How I Learn
My brother was telling me about a book he read about da Vinci and creativity (I think it was this one: How to Think Like Leonardo da Vinci: Seven Steps to Genius Every Day
) and how he cultivated his creativity with curiosity. I had never made that connection before, and it made so much sense to me. I love to know how things work and learning how to do new things, and when I am really engaged with learning something new I am usually also at my most creative. When I decide I want to learn how to do something, I tend to immerse myself completely in that subject.
When I wanted to learn to be a better cook I read cookbooks and made new and different recipes every week. Eventually I saw how ingredients went together, what seasonings worked well together and what techniques would result in what outcomes. Once I had experience with a lot of different recipes I felt confident enough to try my own combination of ingredients and created my own dishes.
I wanted to be able to work on my computer, rather than paying some Geek Squad member $60 an hour to replace a video card or add memory. So I talked to some experts I knew (like my brother and the support guys at work) and learned how to open up a computer case and change out the components myself. A couple years ago, with the help of my brother, I felt confident enough to build a computer from different components. It's still going strong today, and cost about half as much as one with the same specs was going for at the time. I'm still quite proud of that accomplishment.
Knitting has taken me a little longer to master. Almost everything I've knit has come from strictly following an existing pattern. But then I got some Noro Kureyon sock yarn, and I knew I wanted to make some simple socks to show off the yarn, but not so boring as just plain stockinette. I also have the big feet issue, which you know far more about than you probably want to if you've been reading my blog for the past year, so I decided to just have a go at creating my own pattern. They aren't anything revolutionary, and I really just included ribbing and heel and toe styles that I've done before and like, but I'm really liking how they came out. I'm feeling just that much more confident in my knitting abilities now, and really want to come up with some original patterns.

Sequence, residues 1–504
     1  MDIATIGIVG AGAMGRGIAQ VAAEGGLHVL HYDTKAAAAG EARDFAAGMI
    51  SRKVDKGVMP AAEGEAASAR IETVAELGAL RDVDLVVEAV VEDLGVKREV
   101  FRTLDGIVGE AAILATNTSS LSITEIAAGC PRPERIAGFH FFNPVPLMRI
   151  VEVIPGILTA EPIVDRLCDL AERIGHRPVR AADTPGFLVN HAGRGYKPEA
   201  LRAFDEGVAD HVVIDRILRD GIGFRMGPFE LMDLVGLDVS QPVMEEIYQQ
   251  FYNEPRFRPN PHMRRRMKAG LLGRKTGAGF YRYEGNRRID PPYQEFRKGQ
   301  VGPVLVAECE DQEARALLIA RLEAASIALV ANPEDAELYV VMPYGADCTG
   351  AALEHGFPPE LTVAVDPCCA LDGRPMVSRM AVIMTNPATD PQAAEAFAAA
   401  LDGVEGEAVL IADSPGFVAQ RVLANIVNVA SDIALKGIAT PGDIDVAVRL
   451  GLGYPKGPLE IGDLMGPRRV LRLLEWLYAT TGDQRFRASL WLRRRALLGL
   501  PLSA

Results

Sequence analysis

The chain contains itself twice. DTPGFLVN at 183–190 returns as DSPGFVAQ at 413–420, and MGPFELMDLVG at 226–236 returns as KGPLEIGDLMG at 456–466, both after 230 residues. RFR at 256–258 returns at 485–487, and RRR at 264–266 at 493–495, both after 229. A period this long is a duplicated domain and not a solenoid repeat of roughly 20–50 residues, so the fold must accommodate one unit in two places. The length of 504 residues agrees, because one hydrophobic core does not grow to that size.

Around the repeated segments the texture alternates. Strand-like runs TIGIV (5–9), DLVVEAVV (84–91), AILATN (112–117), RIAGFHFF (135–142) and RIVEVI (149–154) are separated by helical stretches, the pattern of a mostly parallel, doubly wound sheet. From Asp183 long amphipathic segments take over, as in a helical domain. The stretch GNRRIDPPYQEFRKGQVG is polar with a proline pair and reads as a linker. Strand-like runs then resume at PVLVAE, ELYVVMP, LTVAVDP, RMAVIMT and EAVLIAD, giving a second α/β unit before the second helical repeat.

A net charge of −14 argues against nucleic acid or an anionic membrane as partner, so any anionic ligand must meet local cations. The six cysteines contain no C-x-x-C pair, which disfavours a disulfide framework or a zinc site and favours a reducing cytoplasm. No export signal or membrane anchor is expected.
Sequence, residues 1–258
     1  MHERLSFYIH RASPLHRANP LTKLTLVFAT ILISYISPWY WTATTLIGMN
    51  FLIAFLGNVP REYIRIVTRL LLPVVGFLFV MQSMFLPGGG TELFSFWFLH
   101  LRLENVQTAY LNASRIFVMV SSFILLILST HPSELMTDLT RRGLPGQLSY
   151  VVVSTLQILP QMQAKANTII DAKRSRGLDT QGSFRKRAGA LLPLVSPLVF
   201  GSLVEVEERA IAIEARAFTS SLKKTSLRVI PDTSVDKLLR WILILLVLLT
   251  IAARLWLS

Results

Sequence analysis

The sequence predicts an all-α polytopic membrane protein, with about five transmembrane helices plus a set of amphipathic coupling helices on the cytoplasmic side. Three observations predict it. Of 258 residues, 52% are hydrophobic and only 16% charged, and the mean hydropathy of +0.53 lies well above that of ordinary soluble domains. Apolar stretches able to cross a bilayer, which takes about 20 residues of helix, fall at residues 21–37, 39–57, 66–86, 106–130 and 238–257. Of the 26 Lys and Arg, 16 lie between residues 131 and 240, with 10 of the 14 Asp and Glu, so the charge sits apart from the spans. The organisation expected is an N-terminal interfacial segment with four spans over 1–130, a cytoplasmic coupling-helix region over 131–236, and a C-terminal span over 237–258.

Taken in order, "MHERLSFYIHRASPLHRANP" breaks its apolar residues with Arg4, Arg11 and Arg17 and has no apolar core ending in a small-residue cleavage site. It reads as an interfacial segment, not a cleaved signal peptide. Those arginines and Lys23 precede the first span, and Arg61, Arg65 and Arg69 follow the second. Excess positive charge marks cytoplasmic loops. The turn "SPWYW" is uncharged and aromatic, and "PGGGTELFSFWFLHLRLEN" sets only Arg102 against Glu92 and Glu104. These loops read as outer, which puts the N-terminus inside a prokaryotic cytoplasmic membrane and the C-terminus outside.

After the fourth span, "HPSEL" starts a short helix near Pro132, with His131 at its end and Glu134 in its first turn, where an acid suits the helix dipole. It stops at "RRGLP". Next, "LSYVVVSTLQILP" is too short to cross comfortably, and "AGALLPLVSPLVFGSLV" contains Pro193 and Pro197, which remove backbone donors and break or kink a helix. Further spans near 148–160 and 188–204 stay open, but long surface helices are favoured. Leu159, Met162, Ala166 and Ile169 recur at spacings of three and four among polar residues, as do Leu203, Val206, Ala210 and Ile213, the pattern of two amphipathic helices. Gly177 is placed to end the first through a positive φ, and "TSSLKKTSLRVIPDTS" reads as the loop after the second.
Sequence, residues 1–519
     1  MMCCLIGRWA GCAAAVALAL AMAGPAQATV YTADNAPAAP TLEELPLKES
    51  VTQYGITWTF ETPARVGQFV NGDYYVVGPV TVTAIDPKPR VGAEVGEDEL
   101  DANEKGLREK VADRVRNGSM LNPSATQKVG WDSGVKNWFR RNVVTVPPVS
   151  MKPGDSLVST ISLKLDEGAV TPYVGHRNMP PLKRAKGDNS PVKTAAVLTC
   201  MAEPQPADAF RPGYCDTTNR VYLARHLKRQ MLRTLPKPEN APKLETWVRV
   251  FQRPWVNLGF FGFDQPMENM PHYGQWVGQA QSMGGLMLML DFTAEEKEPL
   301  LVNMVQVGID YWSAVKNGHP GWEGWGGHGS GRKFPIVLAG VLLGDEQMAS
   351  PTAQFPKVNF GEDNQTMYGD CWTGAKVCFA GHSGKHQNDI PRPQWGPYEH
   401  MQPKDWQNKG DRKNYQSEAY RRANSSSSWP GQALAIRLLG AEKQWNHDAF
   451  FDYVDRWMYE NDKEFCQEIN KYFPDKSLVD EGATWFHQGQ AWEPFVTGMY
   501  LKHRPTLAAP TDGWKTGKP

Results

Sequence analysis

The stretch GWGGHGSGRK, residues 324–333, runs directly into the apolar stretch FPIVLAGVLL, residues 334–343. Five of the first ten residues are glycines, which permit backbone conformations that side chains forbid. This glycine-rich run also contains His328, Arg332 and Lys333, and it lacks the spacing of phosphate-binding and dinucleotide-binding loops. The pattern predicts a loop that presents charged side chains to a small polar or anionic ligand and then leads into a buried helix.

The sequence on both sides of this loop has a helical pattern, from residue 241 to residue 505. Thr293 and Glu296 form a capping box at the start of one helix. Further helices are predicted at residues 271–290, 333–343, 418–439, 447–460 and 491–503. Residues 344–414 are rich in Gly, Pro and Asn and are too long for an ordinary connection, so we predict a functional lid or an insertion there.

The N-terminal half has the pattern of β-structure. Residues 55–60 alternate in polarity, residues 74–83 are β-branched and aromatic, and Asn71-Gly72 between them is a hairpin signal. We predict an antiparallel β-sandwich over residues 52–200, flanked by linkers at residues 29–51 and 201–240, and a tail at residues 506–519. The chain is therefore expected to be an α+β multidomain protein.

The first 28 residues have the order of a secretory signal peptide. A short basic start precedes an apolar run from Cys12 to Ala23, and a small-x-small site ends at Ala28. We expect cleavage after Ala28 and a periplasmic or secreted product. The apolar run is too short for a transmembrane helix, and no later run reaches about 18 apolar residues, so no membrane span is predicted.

A few words about Noro yarn: I always think that I don't like variegated yarns, but Noro is something different. It's a yarn that lends itself to the process of knitting as much as the final product. It's not dyed in all those beautiful colors, but rather the yarn is spun from different fleece colors blended together. My first sock practically flew off the needles, because I just couldn't wait to see what the next color was going to be. Unfortunately, the second sock wasn't as quick because a cat found my skein unattended for mere moments. He didn't do too much damage, but I did have to re-roll the yarn, so I got a preview of the color transitions, and the suspense just wasn't there, driving me on.
As I was knitting I wasn't too sure I would really like actually wearing these socks because the yarn seemed a little scratchy, but they feel just fine, not scratchy at all when on my feet. I also decided from the beginning that I wasn't going to try and make them match, and I think they're quite fun in their dissonance. I also realized as I was taking the above picture that I could probably win the award for most feet self-portraits on a blog if such an award existed. I just got some new boots, so there will probably be even more feet pictures in the near future. Just letting you know.